For the past two years, sponsors of the free lunches served at downtown Charleston's Crisis Ministries shelter have followed a distressing pattern.

People showing up are no longer just walking in from off the street. Instead, the hungry seem to be filling up the parking lot first.

"What we've seen is more people driving to the soup kitchen," Amy Zeigler, the ministries' director of grants and community outreach, said Monday.

The trend "tells us they may have a home and they have a job, but they are having trouble making ends meet."

Zeigler's comments reinforce the findings of a new study on the state of hunger in South Carolina, where an estimated one in five residents don't have enough money to adequately feed themselves.

Inflation, the sour economy and cuts to assistance programs were all cited for interrupting the nation's food delivery system, leaving tens of thousands at risk.

"No community in our state is anywhere close to being hunger-free," said Sue Berkowitz, director of the Columbia-based South Carolina Appleseed Legal Justice Center.

The report, based on data assembled by the nonprofit Food Research and Action Center, examined food hardship (defined as the "inability to afford enough to eat") for every region of the country, including by state, congressional district and for 100 metropolitan areas.

In South Carolina, the data showed:

--21.9 percent of South Carolinians were unable to afford enough food in 2011.

--The Charleston-North Charleston-Summerville "food hardship" rate was at 18.1 percent, or only slightly better than statewide.

--All six of the state's congressional districts had 19 percent or more of their residents reporting living in a state of food hardship.

Data for the report were gathered as part of a Gallup-Healthways Well-Being Index project, which included interviewing almost 1,000 households daily since January 2008.

Food stamp benefit allotments took a particular hit, the study said, with beneficiaries losing more than 6 percent of their purchasing power in recent months.

Zeigler said the findings mirror what she and the staff at Crisis Ministries have seen since 2009, as the economy soured significantly.

"At first, it caught us by surprise," she said of the growth of busy lunch numbers. The demand became more obvious when greater numbers of people started showing up with plastic containers to take meals home for later. The shelter serves at least 200 meals a day during lunch.

Berkowitz said the only bright spot for South Carolina is that the misery is now coming in from other parts of the nation.

"The bad news is we've always had incredibly high numbers," she said. "The good news is that the rest of the country is catching up."

Zeigler said the trend of people driving to the kitchen for a meal is something the staff has gotten used to seeing every day.

"It's not really stopping yet, either," she said.

Inflation, the sour economy and cuts to assistance programs were all cited for interrupting the nation's food delivery system, leaving tens of thousands at risk.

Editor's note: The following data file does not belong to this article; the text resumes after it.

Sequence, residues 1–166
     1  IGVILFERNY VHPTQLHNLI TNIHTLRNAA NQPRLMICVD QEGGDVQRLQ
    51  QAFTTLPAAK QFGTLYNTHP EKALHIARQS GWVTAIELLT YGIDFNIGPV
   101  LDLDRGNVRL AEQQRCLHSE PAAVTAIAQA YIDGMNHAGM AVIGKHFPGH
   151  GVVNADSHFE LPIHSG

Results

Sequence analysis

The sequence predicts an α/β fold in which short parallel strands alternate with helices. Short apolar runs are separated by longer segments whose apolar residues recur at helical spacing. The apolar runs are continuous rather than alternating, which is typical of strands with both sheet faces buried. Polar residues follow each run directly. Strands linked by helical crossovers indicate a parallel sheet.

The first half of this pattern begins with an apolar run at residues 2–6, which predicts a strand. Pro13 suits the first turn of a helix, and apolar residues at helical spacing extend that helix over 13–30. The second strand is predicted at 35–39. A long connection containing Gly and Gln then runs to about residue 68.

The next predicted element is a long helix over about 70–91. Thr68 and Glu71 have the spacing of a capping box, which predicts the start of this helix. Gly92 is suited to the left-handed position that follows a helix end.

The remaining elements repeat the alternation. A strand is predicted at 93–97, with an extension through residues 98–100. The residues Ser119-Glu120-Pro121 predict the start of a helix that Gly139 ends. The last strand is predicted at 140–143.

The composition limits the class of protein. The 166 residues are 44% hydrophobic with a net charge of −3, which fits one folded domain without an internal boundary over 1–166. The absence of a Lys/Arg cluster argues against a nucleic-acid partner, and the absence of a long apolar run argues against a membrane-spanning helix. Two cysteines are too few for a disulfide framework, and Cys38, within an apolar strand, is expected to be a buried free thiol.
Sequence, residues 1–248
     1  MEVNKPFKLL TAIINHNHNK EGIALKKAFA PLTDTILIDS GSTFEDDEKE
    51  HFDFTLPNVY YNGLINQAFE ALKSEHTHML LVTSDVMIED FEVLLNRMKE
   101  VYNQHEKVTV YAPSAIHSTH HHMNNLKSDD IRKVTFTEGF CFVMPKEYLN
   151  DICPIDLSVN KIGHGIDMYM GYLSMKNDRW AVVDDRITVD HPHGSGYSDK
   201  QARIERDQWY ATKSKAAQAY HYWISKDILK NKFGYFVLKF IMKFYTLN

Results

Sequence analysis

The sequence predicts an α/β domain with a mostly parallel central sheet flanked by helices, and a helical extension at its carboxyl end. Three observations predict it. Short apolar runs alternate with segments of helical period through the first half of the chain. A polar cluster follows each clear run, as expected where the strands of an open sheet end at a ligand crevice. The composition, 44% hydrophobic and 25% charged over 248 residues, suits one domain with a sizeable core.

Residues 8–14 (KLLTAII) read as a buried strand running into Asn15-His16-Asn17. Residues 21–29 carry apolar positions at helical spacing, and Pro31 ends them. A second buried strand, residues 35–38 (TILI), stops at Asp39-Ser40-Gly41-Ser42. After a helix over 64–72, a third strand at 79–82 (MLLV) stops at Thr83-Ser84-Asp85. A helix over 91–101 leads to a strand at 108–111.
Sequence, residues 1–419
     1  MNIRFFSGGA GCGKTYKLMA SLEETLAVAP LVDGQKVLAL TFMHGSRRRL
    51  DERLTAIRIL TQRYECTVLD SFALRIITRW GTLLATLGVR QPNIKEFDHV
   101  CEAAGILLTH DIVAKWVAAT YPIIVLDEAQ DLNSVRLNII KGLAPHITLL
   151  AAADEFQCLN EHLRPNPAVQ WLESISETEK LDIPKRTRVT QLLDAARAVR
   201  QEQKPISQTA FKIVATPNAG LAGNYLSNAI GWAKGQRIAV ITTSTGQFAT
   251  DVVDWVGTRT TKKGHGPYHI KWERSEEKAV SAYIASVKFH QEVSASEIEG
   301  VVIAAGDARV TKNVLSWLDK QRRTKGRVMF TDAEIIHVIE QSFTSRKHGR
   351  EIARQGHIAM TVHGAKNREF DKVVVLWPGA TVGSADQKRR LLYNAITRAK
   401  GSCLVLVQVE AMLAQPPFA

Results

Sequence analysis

"No community in our state is anywhere close to being hunger-free," said Sue Berkowitz, director of the Columbia-based South Carolina Appleseed Legal Justice Center.

The report, based on data assembled by the nonprofit Food Research and Action Center, examined food hardship (defined as the "inability to afford enough to eat") for every region of the country, including by state, congressional district and for 100 metropolitan areas.

In South Carolina, the data showed:

--21.9 percent of South Carolinians were unable to afford enough food in 2011.

--The Charleston, North Charleston, Summerville "food hardship" rate was at 18.1 percent, or only slightly better than statewide.

--All six of the state's congressional districts had 19 percent or more of their residents reporting living in a state of food hardship.

Data for the report was gathered as part of a Gallup-Healthways Well-Being Index project, which included interviewing almost 1,000 households daily since January 2008. Food stamp benefit allotments took a particular hit, the study said, with beneficiaries losing more than 6 percent of their purchasing power in recent months.

Zeigler said the findings mirror what she and the staff at Crisis Ministries have seen since 2009, as the economy soured significantly.

"At first, it caught us by surprise," she said of the growth of busy lunch numbers. The demand became more obvious when greater numbers of people started showing up with plastic containers to take meals home for later. The shelter serves at least 200 meals a day during lunch.

Berkowitz said the only bright spot for South Carolina is that the misery is now coming in from other parts of the nation.

"The bad news is we've always had incredibly high numbers," she said. "The good news is that the rest of the country is catching up."

Zeigler said the trend of people driving to the kitchen for a meal is something the staff has gotten used to seeing every day.

"It's not really stopping yet, either," she said.

Reach Schuyler Kropf at 937-5551.

Reach Schuyler Kropf at 937-5551.